Okay to answer your first question: Yes I'm only claiming to be autistic so mentally ill Gen Z teenagers in oversized hoodies named Morizon and Trayge think I'm cool. Literally that's the only reason; what they think of me means SO much to me oh my god I hope they're reading this. Renee Rapp! Bussin'! Olivia Rodrigo is a serve!
To answer your second, third, and fourth questions, no. No, we're not all "a little bit autistic" and no, it's not just that I'm a little socially anxious and, no, your opinion on whether I am or not doesn't matter unless you are a trained professional or Daryl Hannah. You do not know me, or have even the slightest understanding the 800 million gyrating duck feet I have to manage just to appear like a normal water fowl gliding across the pond.
Gonna be real for a moment: Realizing you're autistic at the age of 40 is a pretty fucked up, lonely experience. On one hand, it feels like literally *everything* odd or "off" about your life up until that point finally has a crystal clear explanation. On the other, it's like seeing the penis on the cover of the old Little Mermaid VHS cover. Once you see it, it's literally all you can see. And you fear, deeply, that once your friends and family are made aware that will be all *they* can see.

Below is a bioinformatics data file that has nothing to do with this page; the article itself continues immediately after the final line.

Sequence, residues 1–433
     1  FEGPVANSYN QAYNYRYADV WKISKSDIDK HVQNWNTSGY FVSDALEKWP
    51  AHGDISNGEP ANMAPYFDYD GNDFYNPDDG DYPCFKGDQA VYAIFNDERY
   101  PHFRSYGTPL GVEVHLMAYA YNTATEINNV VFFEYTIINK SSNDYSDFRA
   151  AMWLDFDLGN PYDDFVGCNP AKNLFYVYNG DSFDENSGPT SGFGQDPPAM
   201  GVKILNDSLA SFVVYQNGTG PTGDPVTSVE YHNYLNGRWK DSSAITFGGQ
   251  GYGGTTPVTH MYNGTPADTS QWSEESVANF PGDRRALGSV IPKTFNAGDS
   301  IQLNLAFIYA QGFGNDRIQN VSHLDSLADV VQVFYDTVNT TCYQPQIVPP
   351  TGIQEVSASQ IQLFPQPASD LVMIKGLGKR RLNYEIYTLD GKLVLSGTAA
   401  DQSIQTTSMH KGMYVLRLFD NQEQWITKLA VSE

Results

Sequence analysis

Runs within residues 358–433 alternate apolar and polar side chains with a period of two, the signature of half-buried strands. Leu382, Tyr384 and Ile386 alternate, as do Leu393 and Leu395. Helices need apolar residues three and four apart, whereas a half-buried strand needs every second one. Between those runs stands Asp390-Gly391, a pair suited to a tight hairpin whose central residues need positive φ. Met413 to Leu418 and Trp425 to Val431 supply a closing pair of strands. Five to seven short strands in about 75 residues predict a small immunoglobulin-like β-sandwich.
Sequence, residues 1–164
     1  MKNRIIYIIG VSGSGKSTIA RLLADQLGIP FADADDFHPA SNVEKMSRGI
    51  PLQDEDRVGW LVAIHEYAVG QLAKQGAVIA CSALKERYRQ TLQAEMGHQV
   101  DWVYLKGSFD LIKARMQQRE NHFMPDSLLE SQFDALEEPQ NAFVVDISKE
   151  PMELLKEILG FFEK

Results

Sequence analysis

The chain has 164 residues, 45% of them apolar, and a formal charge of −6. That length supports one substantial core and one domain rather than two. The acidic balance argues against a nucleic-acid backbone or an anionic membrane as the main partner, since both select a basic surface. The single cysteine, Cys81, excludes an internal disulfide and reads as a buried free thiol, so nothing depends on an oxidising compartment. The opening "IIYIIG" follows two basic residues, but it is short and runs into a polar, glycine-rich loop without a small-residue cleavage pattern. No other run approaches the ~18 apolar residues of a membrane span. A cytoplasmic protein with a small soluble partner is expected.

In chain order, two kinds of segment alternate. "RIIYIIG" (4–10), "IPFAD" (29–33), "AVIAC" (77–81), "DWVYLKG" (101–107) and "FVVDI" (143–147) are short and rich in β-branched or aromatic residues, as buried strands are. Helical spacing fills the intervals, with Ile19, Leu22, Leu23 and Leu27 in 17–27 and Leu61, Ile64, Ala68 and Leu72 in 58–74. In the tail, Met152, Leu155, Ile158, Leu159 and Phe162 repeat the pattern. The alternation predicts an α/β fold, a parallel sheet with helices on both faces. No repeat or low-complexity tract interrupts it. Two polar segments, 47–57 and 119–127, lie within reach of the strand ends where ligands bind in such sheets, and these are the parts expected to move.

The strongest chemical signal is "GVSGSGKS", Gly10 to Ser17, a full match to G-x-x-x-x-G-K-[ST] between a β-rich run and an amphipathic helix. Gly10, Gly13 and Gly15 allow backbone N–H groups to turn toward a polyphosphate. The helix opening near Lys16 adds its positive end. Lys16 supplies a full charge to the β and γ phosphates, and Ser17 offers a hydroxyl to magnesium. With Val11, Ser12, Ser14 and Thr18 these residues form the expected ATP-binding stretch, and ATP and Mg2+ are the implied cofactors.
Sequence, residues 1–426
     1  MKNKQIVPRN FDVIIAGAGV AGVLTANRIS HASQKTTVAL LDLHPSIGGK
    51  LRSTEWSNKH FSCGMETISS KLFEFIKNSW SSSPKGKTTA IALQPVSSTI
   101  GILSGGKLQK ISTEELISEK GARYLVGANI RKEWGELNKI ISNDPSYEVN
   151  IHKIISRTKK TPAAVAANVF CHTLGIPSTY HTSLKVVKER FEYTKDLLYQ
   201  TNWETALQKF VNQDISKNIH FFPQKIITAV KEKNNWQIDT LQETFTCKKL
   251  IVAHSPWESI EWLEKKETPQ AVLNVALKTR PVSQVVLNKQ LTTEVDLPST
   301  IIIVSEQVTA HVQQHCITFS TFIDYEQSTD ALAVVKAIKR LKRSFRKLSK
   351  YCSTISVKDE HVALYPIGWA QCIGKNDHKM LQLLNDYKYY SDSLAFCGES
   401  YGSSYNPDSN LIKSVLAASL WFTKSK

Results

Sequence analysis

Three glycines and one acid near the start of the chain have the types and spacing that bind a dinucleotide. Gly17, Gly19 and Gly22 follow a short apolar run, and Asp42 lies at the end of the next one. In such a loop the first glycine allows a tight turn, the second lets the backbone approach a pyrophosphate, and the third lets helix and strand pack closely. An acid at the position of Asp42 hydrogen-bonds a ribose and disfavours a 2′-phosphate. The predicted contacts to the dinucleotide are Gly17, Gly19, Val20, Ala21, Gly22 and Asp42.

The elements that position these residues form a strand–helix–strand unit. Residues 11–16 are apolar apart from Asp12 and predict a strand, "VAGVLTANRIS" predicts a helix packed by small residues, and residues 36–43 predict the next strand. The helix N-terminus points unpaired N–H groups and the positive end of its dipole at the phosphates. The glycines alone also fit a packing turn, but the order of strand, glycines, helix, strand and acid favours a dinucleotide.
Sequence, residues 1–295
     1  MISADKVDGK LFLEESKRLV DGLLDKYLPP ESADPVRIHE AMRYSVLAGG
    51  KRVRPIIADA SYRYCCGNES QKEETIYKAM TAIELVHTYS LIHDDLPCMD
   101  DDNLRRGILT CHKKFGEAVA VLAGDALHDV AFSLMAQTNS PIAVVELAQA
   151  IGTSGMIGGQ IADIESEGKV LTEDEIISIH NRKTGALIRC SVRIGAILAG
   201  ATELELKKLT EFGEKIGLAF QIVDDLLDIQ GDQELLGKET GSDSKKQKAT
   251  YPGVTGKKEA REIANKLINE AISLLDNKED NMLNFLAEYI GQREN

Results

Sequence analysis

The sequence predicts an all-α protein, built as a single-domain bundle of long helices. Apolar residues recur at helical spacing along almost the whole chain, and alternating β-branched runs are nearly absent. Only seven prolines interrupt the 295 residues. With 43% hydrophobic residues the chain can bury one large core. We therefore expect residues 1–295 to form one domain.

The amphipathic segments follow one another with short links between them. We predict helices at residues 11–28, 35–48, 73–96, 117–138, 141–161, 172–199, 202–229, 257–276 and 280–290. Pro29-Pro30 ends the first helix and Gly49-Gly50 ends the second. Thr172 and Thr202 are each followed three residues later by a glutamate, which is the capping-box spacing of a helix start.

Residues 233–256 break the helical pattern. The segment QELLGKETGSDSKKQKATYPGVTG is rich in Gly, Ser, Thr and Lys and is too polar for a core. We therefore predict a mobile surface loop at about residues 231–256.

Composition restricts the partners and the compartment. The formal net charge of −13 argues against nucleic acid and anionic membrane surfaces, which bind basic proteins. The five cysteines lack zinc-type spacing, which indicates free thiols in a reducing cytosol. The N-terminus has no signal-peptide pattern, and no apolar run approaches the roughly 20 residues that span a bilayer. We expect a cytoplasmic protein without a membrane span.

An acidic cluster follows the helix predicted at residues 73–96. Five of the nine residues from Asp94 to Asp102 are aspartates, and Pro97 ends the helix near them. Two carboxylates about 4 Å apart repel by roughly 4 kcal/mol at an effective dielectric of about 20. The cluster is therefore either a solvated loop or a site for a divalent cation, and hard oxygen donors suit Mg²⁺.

This past year has been hell, and joy, and fury, and hell. In December 2022 I was officially diagnosed with ADHD. Due to the wonders of the American health care system, I wasn't able to obtain Ritalin until July. But in the lead-up to getting medicated, I started to realize there was more brewing behind my gargantuan forehead than just ADHD.
So I researched, and did a little more research, and took about 90 different adult ASD tests and holy shit they all said, in giant glaring neon letters, fuck dude, you gots the 'tism real bad!
Then, when I finally got on Ritalin, my ADHD was at bay for the first time ever and my autism had a chance to center stage (because ADHD's need for novelty and autism's need for routine often cancel each other out!)